Cost management is vital for every business and for most, setting budgets is based largely on what happened last year. But in the current business environment, where volatility and unpredictability are the watchwords, a more accurate method seems appropriate. We go back to basics with the concept of zero-based budgeting.
A 2018 Accenture report showed that over 91% of zero-based budgeting (ZBB) programmes met or exceeded their targets. Before 2011, only 2% of surveyed companies had initiated a ZBB programme but between 2013 and 2017, Accenture notes that ZBB adoption grew by 57% every year amongst the world’s 85 largest companies. ZBB, it seems, has arrived, at least on the big stage.
Does it work? McKinsey reports that “when properly implemented, ZBB can reduce selling, general and administrative (SG&A) costs by 10% to 25%, often within as little as six months”.
But it is not a silver bullet for cash management difficulties nor is it an easy fix, warns Accenture. Indeed, companies reported some serious obstacles to overcome before finally reaping the rewards: 67% said cultural buy-in was the hardest, followed by change management problems (41%) and the perennial issue of data visibility (33%).
Perhaps one of the key difficulties in getting buy-in is that ZBB is an ongoing process that represents, for some, both a cultural and business process about turn.
Accenture now advocates a far wider use case for the ‘zero-based mind-set’ (or ZBx, as it calls it), with potential, it argues, to tackle the entire P&L, including general and administrative expenses, direct and indirect labour costs, sales and marketing, logistics, and cost of goods sold. For now though, we’ll focus on its original target.
The ‘zero-based’ concept was the brainchild of Peter Pyhrr, an account manager at US technology firm, Texas Instruments. Pyhrr developed his concept in the 1960s and wrote about his success with it in a 1970 article for the Harvard Business Review. The Accenture report referred to earlier shows that it has since met with favour at many a large corporate and has been advocated for use by small businesses too because of its inherent accuracy.
ZBB requires a company’s income less its expenses to equal zero. In other words, its expenses need to match what comes in during the budgetary period. The idea is that every single unit of currency (euro, pound, dollar, yen, rupee et al) has a well-defined function, so that everything the company spends, saves, gives or invests is equal to that period’s income.
ZBB means there are no balances to be carried forward from prior periods and no expenses that are pre-committed. It is literally a zero-balance for each period. But it is more than just ‘a new budget from scratch’. It is, as McKinsey has argued, a way to “build cultures of cost management throughout the organisation by using a structured approach to facilitate cost visibility, cost governance, cost accountability, and aligned incentives.”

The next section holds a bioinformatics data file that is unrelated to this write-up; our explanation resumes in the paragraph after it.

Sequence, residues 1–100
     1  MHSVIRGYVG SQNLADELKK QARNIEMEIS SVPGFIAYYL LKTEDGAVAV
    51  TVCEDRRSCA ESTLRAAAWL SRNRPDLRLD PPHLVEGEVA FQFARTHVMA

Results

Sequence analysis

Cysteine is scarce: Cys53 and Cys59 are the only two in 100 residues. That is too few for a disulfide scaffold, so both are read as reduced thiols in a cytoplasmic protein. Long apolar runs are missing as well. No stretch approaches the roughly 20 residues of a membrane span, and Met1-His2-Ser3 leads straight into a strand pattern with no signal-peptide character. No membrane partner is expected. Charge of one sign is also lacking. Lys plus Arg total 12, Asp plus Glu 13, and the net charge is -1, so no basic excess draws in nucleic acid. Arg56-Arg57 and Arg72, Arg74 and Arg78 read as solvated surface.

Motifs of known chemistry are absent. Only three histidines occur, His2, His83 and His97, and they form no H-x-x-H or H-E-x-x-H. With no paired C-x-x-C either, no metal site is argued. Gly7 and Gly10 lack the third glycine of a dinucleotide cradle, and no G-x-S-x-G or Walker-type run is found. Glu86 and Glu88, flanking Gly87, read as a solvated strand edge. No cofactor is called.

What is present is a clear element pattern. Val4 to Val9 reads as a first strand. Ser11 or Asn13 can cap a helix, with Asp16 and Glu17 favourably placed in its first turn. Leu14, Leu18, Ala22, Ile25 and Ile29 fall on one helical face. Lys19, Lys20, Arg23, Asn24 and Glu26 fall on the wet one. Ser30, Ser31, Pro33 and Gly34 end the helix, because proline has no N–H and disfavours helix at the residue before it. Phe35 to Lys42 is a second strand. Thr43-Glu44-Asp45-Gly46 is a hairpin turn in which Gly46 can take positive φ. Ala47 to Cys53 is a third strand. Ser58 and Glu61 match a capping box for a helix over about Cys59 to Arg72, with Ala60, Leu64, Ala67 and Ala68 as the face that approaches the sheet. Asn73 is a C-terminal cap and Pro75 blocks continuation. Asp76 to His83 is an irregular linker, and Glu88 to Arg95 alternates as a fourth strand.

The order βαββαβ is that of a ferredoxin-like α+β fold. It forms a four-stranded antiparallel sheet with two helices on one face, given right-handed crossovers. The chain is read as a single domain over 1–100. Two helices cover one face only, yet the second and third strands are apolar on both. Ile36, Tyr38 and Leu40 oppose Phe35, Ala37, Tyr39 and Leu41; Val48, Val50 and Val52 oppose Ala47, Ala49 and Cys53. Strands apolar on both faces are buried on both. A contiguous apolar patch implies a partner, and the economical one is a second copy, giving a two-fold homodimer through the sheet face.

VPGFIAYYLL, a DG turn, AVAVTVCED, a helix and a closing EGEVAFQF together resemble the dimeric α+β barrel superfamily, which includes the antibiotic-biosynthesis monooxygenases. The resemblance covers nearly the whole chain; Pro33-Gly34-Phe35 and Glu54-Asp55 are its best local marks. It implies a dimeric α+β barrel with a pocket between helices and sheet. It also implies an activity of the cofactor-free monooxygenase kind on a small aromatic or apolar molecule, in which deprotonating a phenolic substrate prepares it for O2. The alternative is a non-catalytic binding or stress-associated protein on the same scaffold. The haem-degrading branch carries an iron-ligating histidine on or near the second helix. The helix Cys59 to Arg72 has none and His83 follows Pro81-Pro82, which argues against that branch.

Indeed, by connecting the budgeting processes to the different business functions – production, sales and marketing, logistics and so on – it allows the grouping of diverse cost bases. Current but rather more granular expectations of expenditure across the business can then be analysed, giving a far more strategic view.
The ZBB model is a means of banishing arbitrary and potentially inaccurate and costly blanket increases or decreases over the previous period’s budget. It means that it is now possible to create an accurate and detailed rolling budget over an extended period. Here, reviews can be called from small groups of managers from different functions at different times, rather than imposing them en masse, and still maintain accuracy.
The fundamental process demands a re-evaluation of every line item of a cash flow statement, justifying every expenditure that is to be incurred by each department. Every expense for each new period is thus calculated on the basis of actual expenses that are to be incurred and not the rather less accurate assumption (as is the case with traditional budgeting) that previous incomings and outgoings will continue.
The idea that arbitrary incremental spending increases over previous budgets is somehow appropriate when costs and market conditions are as volatile as they are today seems wide of the mark. Whereas traditional budgeting seeks to justify only new expenditures, using the last period’s actuals as the template, ZBB wipes the slate clean for each new period.
The main aim of the ZBB model is to lower business unit costs by pinpointing where these can be sensibly cut. By knowing precisely where every dollar (euro, pound, etcetera) is going, the vagaries of the market can be more effectively managed. As McKinsey has pointed out: “A world-class ZBB process is based on developing deep visibility into cost drivers and using that visibility to set aggressive yet credible budget targets.”
The basic principles encourage:
Identifying specific business goals and/or tasks for each function.
Analysing and developing new ways of achieving these tasks.
Exploring new sources of funding for these.
Setting the budget numbers and prioritising the direction of funding.